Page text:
Extech CO200 Desktop Indoor Air Quality CO2 Monitor

Extech CO200 Desktop Indoor Air Quality CO2 Monitor


The Extech Desktop Indoor Air Quality CO2 Monitor checks for carbon dioxide concentrations.


  • Max/Min CO2 value recall function
  • Visible and Audible CO2 warning alarm with relay output for ventilation control
  • Maintenance free NDIR CO2 sensor
Free Shipping on this product
Your Price
Drop ships from manufacturer

Shipping Information
Return Policy
Why Buy From Fondriest?


The Extech Desktop Indoor Air Quality CO2 Monitor measures carbon dioxide, air temperature, and humidity. The instrument features a maintenance free non-dispersive infrared CO2 sensor. Indoor air quality is displayed in parts per million with good (380 to 420ppm), normal (<1000ppm), and poor (>1000ppm) indications. The visible and audible alarm with relay output has user-settable high and low alarms. The monitor also displays year, month, date, and time. It is calibrated through the automatic baseline calibration (minimum CO2level over 7.5 days) or manually calibration in fresh air. 


Applications include monitoring air quality in schools, office buildings, greenhouses, factories, hotels, hospitals, and anywhere that high levels of carbon dioxide are generated.

Notable Specifications:
  • CO2 Range: 0 to 9,999ppm
  • CO2 resolution: 1ppm
  • Temp range: 14 to 140 °F (-10 to 60 °C)
  • Temp resolution: 0.1 °F/°C
  • Humidity range: 0.1 to 99.9%
  • Humidity resolution: 0.1%
  • Dimensions: 4.6 x 4 x 4" (117 x 102 x 102mm)
  • Weight: 7.2oz (204g)
What's Included:
  • (1) Desktop CO2 Monitor
  • (1) Universal AC adaptor
Image Part # Product Description Price Stock Order
Extech CO200 Desktop Indoor Air Quality CO2 Monitor CO200 Desktop indoor air quality CO2 monitor
Drop ships from manufacturer

In The News

Flux towers track CO2 exchange between forests and atmosphere

Determining exchange rates of carbon dioxide between the earth’s forests and the atmosphere is turbulent business. Wind above forest canopies swirls as vortexes of air enter and exit stands of trees.  Across the globe, towers stand among the landscape, with sensors monitoring these eddies for carbon dioxide, water vapor and other gasses.  These so-called “flux towers†collect data on carbon dioxide exchange rates between the earth and atmosphere. Information gathered plays into the debate on the measurable effects of climate change. Carbon dioxide flows between the earth, atmosphere and ocean in an attempt to reach equilibrium. As automobiles and energy production facilities burn fossil fuels, more carbon dioxide joins to the mix.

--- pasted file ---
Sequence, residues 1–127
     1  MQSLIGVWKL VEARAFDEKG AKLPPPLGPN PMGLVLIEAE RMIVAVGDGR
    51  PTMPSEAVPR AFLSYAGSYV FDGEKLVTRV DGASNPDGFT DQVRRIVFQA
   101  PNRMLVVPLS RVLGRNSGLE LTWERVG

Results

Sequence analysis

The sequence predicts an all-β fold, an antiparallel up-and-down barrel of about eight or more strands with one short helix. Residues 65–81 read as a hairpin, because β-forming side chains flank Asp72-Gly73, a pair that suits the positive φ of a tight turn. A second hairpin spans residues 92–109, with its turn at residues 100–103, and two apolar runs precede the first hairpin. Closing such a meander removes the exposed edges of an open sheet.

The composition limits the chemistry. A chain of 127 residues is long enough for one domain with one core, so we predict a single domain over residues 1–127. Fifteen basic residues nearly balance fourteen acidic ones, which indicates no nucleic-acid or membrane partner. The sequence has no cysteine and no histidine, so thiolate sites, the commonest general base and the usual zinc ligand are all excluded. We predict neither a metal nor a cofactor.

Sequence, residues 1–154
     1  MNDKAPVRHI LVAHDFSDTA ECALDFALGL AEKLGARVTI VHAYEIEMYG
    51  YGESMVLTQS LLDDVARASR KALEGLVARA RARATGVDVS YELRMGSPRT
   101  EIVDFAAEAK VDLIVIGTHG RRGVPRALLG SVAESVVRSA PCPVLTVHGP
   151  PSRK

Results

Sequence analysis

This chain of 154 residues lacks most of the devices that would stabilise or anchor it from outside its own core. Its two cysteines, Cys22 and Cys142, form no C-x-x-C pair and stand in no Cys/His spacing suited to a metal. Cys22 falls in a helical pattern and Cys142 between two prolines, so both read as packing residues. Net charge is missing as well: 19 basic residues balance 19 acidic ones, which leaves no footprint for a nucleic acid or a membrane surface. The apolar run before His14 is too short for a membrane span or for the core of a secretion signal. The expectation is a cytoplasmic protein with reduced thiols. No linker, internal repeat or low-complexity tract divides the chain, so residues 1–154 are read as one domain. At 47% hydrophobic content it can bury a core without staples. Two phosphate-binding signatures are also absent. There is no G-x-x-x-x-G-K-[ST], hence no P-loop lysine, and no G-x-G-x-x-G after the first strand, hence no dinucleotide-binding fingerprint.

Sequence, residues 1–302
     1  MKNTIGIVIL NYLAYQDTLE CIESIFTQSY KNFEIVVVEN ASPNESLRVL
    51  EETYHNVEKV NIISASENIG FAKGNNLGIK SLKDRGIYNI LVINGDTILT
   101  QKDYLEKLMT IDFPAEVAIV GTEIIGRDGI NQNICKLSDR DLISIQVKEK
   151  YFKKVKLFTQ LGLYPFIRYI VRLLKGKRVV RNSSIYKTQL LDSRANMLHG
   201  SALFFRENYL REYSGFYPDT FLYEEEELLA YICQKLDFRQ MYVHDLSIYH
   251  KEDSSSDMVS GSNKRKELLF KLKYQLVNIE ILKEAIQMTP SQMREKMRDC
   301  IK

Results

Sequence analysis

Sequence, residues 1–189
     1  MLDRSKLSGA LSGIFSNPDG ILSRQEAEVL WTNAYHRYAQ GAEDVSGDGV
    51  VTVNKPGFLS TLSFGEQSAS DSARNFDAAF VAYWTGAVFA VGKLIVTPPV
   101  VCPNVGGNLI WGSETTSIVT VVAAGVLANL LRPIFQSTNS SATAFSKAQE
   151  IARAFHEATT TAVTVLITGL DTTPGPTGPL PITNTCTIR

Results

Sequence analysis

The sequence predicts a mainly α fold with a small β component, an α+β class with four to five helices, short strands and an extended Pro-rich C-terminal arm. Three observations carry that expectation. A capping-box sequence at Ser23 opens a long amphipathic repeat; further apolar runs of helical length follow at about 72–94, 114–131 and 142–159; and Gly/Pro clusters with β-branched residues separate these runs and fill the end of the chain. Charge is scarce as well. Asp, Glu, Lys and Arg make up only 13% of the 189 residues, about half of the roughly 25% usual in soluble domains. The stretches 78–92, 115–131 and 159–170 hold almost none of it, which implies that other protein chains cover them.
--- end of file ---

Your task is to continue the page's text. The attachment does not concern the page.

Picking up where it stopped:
Read More

US Steel Dumping Chromium: Citizens Fighting for Lake Michigan, and Drinkable Water

If you remember the movie “Erin Brockovich,†you are already familiar with hexavalent chromium, a toxic substance that was contaminating the drinking water of people in California in the movie ( and in real life ). Although on the silver screen there was a very satisfying Hollywood resolution to the problem, there has not yet been such a happy ending in real life. The dumping of the hexavalent chromium by PG&amp;E that the film documented took place in the 1950s and 1960s, although the company didn't tell anyone about the problem until the late 1980s. Based on current litigation around the Illinois and Indiana shores of Lake Michigan, startlingly little has changed.

Read More

Monitoring the Mississippi: Wild Celery, Redhorse and More

The Upper Mississippi stretches from headwaters at Lake Itasca, Minnesota, all the way to Cairo, Illinois, about 1,250 miles. It includes picturesque wilderness areas complete with waterfalls, limestone bluffs and expansive valleys. It has attracted many campers, hikers, fishing enthusiasts and people seeking to launch their favorite boats or canoes. It has also been a haven for environmental researchers. Since 2016, Jeff Houser is the Science Director for the Long Term Resource Monitoring element (LTRM) of the Upper Mississippi River Restoration Program (UMRR).  Previously, he led the LTRM water quality component from 2003 until 2016.

Read More